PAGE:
[David Spark] Matt P. of Picnic Corporation said, “What’s missing is how their people are likely to be targeted based on their exposed digital footprints. Every attack starts with recon, and an organization needs to know how its humans and their digital identities are being profiled by attackers.” And Jason Norred, CISO over at Solutions II said, “Be aware of the environment you are responsible for and take appropriate actions to reduce the risk of that environment.” Nick, I want to toss to you, but I’m going to quote a hacker that I met at a bug bounty event. I asked him, “What’s the difference between the work you do now hacking versus five, ten years ago?” And he simply said, “The information I have now on you is a lot more.” And that gets to Matt P.’s comment here. How much of knowing what your employee’s digital footprints are, personal and professional, goes into I guess understanding your attack surface? Nick?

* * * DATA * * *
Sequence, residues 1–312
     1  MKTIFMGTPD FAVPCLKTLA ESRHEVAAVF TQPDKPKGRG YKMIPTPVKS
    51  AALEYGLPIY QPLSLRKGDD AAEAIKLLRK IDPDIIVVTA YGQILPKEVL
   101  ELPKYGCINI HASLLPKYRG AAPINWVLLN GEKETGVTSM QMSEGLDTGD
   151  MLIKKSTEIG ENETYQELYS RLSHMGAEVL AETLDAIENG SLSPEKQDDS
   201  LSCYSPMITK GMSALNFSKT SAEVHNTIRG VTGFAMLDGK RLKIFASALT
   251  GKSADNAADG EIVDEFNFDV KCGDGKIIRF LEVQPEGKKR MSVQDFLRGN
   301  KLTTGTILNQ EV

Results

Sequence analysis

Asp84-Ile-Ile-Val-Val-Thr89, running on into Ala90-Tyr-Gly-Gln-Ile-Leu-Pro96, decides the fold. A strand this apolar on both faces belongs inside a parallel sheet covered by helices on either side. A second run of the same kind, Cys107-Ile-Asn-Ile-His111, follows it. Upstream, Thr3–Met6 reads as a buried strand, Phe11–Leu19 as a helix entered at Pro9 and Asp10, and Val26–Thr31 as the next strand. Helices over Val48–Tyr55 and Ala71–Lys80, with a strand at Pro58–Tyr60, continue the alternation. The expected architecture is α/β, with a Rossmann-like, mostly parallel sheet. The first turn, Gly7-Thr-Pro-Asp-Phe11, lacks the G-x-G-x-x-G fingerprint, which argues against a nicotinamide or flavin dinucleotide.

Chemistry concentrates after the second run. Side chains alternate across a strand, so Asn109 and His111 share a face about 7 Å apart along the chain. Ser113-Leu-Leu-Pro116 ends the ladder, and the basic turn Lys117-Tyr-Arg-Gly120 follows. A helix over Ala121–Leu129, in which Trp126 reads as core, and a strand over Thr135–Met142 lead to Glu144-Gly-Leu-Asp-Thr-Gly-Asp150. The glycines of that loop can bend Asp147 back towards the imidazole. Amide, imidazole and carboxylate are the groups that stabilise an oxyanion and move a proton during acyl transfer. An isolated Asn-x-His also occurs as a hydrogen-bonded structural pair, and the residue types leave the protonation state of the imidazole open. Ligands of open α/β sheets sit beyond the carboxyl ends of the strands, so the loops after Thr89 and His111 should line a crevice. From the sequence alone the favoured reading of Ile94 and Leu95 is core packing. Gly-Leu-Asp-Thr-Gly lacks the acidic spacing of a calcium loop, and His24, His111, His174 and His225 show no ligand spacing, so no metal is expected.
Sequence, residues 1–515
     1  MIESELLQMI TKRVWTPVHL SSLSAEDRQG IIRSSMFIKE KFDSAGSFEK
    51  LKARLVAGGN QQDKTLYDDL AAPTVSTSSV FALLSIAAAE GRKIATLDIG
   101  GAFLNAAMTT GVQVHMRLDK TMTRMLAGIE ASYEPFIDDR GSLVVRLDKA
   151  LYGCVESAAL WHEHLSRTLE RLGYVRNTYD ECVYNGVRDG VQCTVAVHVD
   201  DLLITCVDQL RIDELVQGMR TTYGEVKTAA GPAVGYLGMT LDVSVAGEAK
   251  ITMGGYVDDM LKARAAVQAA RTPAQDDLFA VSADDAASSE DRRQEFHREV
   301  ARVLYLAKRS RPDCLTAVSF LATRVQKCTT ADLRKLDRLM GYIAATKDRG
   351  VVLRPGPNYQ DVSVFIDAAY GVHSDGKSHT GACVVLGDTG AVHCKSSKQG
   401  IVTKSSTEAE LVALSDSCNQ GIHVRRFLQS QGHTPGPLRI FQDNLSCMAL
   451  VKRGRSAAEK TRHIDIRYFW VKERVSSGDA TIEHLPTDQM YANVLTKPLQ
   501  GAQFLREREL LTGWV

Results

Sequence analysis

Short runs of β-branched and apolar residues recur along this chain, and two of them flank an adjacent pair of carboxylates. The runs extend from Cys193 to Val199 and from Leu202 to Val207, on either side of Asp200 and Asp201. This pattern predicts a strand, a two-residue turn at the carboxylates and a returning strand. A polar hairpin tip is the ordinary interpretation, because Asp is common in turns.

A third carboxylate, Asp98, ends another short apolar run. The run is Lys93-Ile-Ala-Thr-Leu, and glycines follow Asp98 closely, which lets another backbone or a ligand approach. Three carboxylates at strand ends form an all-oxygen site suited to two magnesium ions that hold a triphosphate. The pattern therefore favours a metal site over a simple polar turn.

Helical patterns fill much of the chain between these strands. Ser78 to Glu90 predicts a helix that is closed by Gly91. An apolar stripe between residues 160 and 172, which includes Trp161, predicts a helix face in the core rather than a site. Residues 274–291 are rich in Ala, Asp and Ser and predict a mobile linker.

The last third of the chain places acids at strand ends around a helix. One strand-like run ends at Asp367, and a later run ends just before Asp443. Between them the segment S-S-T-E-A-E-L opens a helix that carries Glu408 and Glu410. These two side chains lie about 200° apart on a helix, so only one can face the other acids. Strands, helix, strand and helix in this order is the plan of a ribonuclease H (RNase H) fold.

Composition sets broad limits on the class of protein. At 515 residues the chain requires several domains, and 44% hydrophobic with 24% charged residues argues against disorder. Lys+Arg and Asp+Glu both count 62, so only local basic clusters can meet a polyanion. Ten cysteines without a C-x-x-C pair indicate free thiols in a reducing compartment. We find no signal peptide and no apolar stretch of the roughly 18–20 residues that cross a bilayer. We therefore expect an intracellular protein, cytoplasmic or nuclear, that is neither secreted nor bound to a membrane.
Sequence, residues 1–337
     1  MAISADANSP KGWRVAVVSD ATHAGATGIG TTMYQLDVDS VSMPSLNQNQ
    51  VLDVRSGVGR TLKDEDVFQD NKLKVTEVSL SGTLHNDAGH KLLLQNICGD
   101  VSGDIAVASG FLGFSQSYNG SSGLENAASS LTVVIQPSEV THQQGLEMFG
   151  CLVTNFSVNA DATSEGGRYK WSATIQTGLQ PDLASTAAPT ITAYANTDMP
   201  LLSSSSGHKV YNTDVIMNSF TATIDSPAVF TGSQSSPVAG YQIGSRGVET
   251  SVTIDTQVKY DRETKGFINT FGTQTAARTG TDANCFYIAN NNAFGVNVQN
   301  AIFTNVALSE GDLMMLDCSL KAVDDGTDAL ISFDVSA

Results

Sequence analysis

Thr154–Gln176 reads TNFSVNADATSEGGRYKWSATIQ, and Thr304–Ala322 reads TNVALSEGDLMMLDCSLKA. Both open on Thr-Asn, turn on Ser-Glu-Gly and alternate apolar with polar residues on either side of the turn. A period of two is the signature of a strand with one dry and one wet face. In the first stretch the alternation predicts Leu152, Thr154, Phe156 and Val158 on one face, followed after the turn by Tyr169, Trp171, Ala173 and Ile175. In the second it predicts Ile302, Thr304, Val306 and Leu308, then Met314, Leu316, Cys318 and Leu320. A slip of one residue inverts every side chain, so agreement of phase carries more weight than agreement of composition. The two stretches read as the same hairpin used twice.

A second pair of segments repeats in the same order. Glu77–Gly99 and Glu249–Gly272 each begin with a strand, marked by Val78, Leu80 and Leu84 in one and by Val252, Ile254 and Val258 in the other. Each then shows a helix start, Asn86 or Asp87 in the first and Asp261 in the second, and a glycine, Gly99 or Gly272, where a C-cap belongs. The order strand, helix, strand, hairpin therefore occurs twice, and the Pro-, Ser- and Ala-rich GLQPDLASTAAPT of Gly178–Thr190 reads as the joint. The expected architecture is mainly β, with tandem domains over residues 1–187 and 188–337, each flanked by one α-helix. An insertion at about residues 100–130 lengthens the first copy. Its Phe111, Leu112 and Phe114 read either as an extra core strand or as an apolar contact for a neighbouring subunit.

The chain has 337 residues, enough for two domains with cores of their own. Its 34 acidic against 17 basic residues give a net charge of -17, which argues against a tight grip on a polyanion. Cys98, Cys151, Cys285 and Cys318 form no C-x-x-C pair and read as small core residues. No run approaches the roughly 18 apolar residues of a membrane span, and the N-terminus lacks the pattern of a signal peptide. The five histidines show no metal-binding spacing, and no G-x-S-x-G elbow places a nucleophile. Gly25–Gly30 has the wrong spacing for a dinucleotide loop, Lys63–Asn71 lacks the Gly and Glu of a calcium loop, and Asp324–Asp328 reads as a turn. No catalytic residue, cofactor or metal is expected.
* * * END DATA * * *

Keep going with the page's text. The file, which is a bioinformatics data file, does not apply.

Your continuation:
[Nick Shevelyov] Yeah, I think that generally speaking a lot of security programs, to Steve’s point, feel underwater with the existing technical vulnerability risk management they have to do and don’t have the time and the bandwidth to actually expand their horizon on just exactly how the attack surface is expanding through the very behavior of employees and what they share on the internet about themselves. And to your hacker’s point, yeah, they do have a lot more information because people are sharing a lot more insights that can be used against the target. And so for CISOs, it’s the dose that makes the poison. If you give them too much bad news, it’s poisonous, and now they know about it. And so they might want to modulate the amount of bad news that they need to intake. And so you have to think about how do you manage the bad news and create the right system so that you can deploy the right controls to mitigate that bad news. I’ve used the analogy that white swans are known knowns. Gray swans are known unknowns. Black swans are the unknown unknowns. But to me, it’s the red swans, the known knows that just aren’t so that burn you in security. And so if you can develop that mindset of understanding that the game is changed you need to establish the traditional controls, the defense in depth, adopting zero trust principals but also continuously probing how the very information that’s being shared about you and your company can be used against you. That’s a holistic mindset for the 21st century risk imperative in cyber security.